By Porshai Nielsen, News Writer October 26, 2020
Photo Courtesy of Chronicle archives.
The University of Utah Department of Pediatrics partnered with Utah Naloxone to provide free training for community first responders to use and carry Narcan, and this program has led to the prevention of over 3,000 deaths.
On Oct. 15, the training was held via Zoom where 130 participants joined. Due to COVID-19, in-person training has been canceled, but that fact has not stopped the organization from providing training and supplies to community members.
Utah Naloxone works hard to align their values with the Utah Harm Reduction Coalition. The non-profit community-based organization works to provide education and resources to aid people in reducing harm in social and physical environments that are commonly associated with substance abuse.
According to the presentation given during training, “The goal is to help inform individuals in community settings in Utah on how to recognize and treat suspected opioid overdoses with naloxone. All humans are valued.”
Utah Naloxone is working to reach community members as there has been a significant rise in opioid-related overdoses in Utah. Research provided by U Health and Use Only as Directed shows people who live in Utah are more likely to die from an opioid-related overdose than a car accident, falling or a firearm assault.
Naloxone is a medication used to treat a narcotic overdose in an emergency situation.
“We see ourselves as healthy living — we get out and ride mountain bikes, we don’t drink or smoke. [But] by 2014, Utah arrived as the fourth highest in the U.S for overdose deaths,” said Dr. Jennifer Plumb, a co-founder of Utah Naloxone and University of Utah Health Emergency Medicine physician.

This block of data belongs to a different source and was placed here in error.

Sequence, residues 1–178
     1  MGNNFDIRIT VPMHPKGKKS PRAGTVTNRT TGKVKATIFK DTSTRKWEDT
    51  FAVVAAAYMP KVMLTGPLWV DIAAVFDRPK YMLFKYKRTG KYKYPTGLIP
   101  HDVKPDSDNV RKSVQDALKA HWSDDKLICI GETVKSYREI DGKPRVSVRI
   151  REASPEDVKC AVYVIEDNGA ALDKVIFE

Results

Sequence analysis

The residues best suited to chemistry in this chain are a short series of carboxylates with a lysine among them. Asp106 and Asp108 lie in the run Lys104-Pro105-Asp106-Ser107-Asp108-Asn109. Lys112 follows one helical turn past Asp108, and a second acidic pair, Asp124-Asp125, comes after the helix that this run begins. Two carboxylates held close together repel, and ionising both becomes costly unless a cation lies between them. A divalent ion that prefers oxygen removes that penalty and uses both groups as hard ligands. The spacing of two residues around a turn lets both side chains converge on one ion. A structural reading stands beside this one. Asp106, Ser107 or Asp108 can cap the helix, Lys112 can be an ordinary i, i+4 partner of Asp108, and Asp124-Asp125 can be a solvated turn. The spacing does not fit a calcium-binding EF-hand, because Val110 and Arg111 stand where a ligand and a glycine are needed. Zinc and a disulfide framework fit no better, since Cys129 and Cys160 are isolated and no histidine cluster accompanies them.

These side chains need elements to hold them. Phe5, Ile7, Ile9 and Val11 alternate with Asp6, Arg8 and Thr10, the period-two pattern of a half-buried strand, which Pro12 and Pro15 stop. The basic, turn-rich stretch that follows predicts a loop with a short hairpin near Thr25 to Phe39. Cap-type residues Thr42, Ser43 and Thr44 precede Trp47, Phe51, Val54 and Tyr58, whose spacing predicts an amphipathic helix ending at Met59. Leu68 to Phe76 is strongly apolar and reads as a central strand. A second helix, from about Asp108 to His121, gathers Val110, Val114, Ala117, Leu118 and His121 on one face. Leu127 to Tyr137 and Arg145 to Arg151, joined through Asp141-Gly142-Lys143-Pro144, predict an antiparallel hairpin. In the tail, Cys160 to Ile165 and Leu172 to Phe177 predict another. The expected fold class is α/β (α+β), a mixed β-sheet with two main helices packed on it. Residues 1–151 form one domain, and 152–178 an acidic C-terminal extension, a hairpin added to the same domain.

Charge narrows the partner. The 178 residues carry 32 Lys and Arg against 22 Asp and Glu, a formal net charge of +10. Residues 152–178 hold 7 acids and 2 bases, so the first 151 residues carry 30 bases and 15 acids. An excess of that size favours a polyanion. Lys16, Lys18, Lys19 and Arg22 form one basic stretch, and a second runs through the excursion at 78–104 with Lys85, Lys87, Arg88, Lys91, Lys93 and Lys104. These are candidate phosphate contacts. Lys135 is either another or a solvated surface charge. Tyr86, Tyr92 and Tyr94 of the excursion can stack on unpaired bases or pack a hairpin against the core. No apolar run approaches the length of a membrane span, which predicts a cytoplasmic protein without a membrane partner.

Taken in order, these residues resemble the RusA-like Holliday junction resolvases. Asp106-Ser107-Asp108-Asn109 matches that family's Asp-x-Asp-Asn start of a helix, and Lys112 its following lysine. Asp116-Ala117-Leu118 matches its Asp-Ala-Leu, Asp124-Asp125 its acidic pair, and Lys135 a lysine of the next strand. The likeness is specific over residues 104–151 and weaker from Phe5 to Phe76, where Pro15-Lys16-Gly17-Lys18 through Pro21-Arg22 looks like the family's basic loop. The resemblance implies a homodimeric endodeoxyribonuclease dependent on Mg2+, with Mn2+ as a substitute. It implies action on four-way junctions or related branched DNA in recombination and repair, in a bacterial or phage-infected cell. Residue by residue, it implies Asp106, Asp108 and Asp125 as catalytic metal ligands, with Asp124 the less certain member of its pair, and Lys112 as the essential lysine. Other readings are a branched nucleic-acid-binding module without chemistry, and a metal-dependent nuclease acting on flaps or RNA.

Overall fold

The presentation includes data on various findings related to opioid overdose and death, some about age and other demographics. The company lists the most common opioids, which include heroin, opium, morphine, fentanyl and more. They recognize all types of opioids are risky substances and addiction to them can develop in as little as seven days.
The reason first responders should carry Naloxone is they are first on the scene. Carrying Naloxone reduces the feeling of helplessness while waiting for emergency responders to arrive alone with potentially being life-saving.
“While working in a high-risk area of Salt Lake, having Naloxone was great peace of mind. I am grateful for never having to use it myself but it is comforting to know that in case of emergency, I would have the ability to help save someone’s life,” said Hannah Staller, a fourth-year business student.
The training describes exactly what Naloxone is and what it is not so that everyone will understand how to use it. There is an emphasis on the fact that anyone can administer naloxone, it is not addictive and there will be no effects on a person if used on someone who has not overdosed on opiates.
After the hour-long course, participants know why carrying Naloxone is important, how to recognize an overdose and how to administer the medication. Perhaps the most beneficial part of the program is that every participant will be sent two doses of injectable Naloxone for no cost.
“Injectable Naloxone kits cost about $50 in the pharmacy. We have been very fortunate to get pricing that allows us to give these kits out far and wide,” Plumb said.
Participants can ask questions during the presentation via Zoom’s chat feature and someone is constantly monitoring it so everyone will have a chance to achieve a perfect understanding to use it.
Training is open to the public, completely free and occurs at least once a month. Utah Naloxone often partners with other community organizations and universities. To sign up for training or to contact them, click here.